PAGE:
Kawhi Leonard is a Toronto Raptor — for at least one year. While the team’s on-court success has its part to play, we’ve decided to do our part in selling the city to the Klaw. Each week we’re talking Toronto, and letting Kawhi know what his life could be like here.
This Week In Toronto
As more than a few people noticed this past week, The Handmaid’s Tale was filming in Toronto this past week. The show’s preparing to launch its third season this summer, so it’s actually been in and around the city for some time now. It just happens that this time, the production was front and centre at Nathan Phillip’s Square, right in front of our funky-as-hell City Hall. (I’ve opted to embed the long view here — which does zoom in — because, well, they’re not filming a tea party there.)
Naturally, some less media savvy folks out there were, at first blush, a little put off by the display. Is the municipal government of Toronto now advocating for some sort of new corporal punishment regime? Is this to be our new public square entertainment?! You can obviously see how the mind would run for someone who did not know it was just a TV show starring Elisabeth Moss (of Mad Men fame), based on the book by Canadian author (and ne’er-do-well Toronto resident) Margaret Atwood.
For some, the novelty of Toronto as a film location never wears off. We enjoy seeing the cameras and the huge trailers, the set dressings, maybe a famous actor or two. To catch even a glimpse of the movie-making process, even if you don’t quite know what is being filmed, always seems to carry a special thrill. I can recall walking up Yonge Street and seeing buses with cars smashed through them, military-grade humvees, and the false facade of the Apollo (for The Incredible Hulk). Or the time I rounded onto my old street to see cameras and crew set up in a doorway just a few houses removed from mine (for Being Erica). Just this past winter, crews installed an ice rink to their specifications over top of the existing rink in Mel Lastman Square — all so they could film a sequence for the upcoming My Spy with Dave Bautista. Don’t even get me started on Scott Pilgrim.
There are enough noteworthy locations in Toronto that the Torontoist, the venerable civic-minded blog soon to return (apparently), had a whole series based around the subject. Reel Toronto, as it was called, captured the other half of this specific cinematic phenomenon; if seeing a film being made was cool, recognizing Toronto (usually playing a different city) was extra special. My favourite recent example of this has to be the aforementioned Scott Pilgrim vs. the World, which has the added bonus of actually taking place in Toronto. Director Edgar Wright, working from the comic by Bryan Lee O’Malley, made sure to shoot in the Annex, around Casa Loma (due for its own entry in this series), and within a TTC streetcar or two. It is not alone in recent-ish Toronto-based films — Take This Waltz and Enemy, representing the pretty and ugly sides of the city, respectively, are also solid — so its best to keep your eyes peeled.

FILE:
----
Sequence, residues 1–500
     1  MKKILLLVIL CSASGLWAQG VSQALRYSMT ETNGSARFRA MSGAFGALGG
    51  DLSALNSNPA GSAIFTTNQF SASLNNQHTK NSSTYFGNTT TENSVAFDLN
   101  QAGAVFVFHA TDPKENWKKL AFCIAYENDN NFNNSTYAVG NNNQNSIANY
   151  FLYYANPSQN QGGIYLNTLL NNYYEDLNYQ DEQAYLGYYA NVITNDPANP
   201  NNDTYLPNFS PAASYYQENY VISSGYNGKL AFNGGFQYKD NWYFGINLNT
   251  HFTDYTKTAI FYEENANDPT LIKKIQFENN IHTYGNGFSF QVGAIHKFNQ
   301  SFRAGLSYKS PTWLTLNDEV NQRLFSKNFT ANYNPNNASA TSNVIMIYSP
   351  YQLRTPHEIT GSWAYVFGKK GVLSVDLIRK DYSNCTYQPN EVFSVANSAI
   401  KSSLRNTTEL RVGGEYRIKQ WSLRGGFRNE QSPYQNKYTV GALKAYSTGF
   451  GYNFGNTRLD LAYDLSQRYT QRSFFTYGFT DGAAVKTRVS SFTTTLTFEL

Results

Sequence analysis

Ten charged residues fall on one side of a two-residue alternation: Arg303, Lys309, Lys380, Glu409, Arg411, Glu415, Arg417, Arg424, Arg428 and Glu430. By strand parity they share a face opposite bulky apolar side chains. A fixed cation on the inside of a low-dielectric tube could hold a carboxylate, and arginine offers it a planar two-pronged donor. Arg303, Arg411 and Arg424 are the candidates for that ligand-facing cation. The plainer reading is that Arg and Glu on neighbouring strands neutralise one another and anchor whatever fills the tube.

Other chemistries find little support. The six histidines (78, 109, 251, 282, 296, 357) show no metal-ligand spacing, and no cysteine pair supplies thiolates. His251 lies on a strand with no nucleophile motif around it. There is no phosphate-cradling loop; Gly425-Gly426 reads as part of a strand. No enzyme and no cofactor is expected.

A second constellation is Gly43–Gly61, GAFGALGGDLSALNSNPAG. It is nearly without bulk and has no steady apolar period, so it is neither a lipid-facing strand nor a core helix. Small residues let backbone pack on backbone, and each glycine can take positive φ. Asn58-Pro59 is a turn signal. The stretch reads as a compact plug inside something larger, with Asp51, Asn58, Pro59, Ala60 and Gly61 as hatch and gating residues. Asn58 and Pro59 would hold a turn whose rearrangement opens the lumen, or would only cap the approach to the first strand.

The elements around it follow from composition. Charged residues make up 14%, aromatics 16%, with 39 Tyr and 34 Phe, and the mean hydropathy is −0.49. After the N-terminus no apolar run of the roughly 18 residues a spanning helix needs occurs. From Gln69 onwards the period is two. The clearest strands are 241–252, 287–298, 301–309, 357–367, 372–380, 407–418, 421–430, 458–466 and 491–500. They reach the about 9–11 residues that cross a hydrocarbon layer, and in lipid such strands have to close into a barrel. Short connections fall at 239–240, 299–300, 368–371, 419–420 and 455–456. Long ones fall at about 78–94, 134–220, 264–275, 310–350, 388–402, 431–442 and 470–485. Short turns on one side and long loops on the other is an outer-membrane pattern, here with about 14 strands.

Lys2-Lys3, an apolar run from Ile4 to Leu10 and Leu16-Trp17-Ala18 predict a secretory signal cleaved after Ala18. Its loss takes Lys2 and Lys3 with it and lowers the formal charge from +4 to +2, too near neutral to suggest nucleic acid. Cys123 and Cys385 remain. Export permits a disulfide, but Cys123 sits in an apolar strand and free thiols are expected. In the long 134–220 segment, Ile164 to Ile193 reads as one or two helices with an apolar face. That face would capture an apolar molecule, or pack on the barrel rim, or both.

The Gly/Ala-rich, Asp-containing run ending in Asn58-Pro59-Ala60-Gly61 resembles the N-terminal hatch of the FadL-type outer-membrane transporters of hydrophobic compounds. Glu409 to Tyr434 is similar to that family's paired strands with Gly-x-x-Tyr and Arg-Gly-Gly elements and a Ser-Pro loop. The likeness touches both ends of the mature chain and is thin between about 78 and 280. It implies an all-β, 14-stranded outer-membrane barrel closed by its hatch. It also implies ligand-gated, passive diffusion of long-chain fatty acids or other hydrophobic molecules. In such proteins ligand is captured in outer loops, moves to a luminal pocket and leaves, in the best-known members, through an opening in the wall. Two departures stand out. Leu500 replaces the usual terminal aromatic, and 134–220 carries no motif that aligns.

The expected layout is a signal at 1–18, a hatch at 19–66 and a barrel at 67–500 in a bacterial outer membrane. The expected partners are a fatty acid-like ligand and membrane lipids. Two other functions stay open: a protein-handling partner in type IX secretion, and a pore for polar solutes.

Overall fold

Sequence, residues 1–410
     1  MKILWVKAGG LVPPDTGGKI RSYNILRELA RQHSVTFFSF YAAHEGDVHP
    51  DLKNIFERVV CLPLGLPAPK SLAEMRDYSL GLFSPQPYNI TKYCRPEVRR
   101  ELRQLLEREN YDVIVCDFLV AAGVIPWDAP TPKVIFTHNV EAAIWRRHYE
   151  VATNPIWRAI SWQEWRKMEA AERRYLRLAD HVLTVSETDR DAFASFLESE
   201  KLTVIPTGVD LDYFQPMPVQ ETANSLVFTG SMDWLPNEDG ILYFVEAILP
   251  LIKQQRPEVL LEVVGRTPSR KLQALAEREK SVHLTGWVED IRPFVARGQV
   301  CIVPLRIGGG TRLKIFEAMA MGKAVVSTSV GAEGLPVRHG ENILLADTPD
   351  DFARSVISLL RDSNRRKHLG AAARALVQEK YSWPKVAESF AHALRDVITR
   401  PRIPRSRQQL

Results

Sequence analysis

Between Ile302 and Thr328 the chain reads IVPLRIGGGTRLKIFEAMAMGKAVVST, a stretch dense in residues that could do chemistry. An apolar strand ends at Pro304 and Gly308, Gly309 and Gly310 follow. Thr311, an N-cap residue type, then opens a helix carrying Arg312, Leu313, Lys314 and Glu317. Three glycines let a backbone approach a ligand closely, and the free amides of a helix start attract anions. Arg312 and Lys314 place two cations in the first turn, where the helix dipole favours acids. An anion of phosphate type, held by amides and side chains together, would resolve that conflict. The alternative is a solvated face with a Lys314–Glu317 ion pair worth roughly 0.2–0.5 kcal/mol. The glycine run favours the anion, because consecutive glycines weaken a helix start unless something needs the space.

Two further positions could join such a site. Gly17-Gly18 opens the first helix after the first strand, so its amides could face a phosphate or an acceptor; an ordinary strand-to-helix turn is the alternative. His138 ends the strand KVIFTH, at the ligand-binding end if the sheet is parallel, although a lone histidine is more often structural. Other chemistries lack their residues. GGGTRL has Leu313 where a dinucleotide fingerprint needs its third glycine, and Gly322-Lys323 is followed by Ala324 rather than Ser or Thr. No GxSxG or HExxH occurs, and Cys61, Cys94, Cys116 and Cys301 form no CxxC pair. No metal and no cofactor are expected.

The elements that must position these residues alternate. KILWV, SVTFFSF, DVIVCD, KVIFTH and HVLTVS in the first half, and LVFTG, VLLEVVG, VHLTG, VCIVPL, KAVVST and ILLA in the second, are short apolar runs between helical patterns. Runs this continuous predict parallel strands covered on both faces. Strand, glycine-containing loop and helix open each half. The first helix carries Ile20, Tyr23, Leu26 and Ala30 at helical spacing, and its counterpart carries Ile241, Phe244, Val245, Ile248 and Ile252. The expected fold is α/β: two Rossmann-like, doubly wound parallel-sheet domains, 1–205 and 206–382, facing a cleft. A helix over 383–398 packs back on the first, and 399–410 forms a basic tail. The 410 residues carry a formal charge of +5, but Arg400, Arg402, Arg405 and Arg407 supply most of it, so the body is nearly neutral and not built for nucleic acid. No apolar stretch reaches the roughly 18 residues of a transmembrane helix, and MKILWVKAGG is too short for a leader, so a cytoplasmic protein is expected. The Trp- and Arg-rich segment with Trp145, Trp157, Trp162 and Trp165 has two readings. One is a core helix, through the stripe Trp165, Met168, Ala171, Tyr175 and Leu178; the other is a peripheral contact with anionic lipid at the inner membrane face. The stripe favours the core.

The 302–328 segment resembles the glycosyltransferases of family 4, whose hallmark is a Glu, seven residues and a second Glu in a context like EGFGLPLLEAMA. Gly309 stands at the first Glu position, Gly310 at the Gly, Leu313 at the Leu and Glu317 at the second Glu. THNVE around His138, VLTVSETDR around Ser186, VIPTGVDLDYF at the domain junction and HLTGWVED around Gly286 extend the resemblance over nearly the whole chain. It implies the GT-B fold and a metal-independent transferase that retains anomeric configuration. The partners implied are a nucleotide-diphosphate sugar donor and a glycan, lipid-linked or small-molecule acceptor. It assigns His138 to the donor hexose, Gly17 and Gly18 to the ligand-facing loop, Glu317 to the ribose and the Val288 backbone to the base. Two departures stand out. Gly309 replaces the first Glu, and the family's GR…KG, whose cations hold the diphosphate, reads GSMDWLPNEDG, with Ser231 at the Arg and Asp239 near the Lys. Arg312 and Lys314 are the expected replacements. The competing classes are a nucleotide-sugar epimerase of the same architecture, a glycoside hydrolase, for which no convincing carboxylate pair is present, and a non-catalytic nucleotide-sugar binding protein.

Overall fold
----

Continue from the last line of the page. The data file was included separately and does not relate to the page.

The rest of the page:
I realize this is merely a string of film-related anecdotes, but I think the effect here is instructive. Toronto is indeed a photogenic city, even if it lags behind New York, or Los Angeles (the most photographed city on the planet), or the old world capitals. As the Reel Toronto series outlines, this is not some recent thing, a sudden turn of industry that has located a new so-called “Hollywood North”. (I mean, tax incentives and whatnot help get film productions up here, but still.) Filmmakers have been coming to Canada and Toronto for years.
I’ll leave you with my two favourite examples. First, we turn back to the 1970s and The Silent Partner, a classic (but wholly underrated) thriller starring Elliot Gould and Christopher Plummer. There are a zillion things to recommend in this movie (including a young John Candy!), but for our purposes: the scene of its crime and intrigue almost all take place in the then-new Eaton’s Centre (and at the dearly departed Silver Dollar). That’s right, a salacious tale — with Captain Von Trapp as the villain — set just off the main concourse of everyone’s family friendly mall. Go see it.
Second, a random one that I personally cherish. I was once half-watching Pushing Tin, a half-forgotten John Cusack and Billy Bob Thornton dramedy (I think; who can recall?), when suddenly, I recognized where I was. For a brief scene, one in which Cusack’s character whips his car through an intersection in a wide U-turn towards a donut shop, it felt like all of Hollywood had landed right in my backyard. The scene in question was at Kipling and Belfield, just north of the Highway 401, a thoroughly unremarkable corner of Toronto but very familiar to me. I had to laugh — lights, camera, action in a place I used to pass just to get to school. Movie magic really can be found anywhere, on both sides of the camera.
Should Kawhi Care?
(We won’t broach the subject of movies with Kawhi Leonard, not least because he does not appear to enjoy answering even benign personal questions. Let’s just assume he enjoys movies and, if told, would appreciate the trivial value that comes along with being able to rhyme off films made in Toronto. Case closed.
But then, a more significant part to this open question: would Kawhi like to be in a movie? Let’s consider the facts. Leonard has a distinct look, but has not shown much [non-physical] charisma on film — be it in scrums or in commercials. At the very least, Leonard is indeed a strong silent type, which has a place on film for sure. Could he aspire to something greater than, say, Boban Marjanovic’s recent turn as a goon in John Wick 3? Is “henchman” really his cinematic ceiling? The fate of this question really rests on that.
Surely there’s a filmmaker out there who could do something with Kawhi’s laugh though, right?)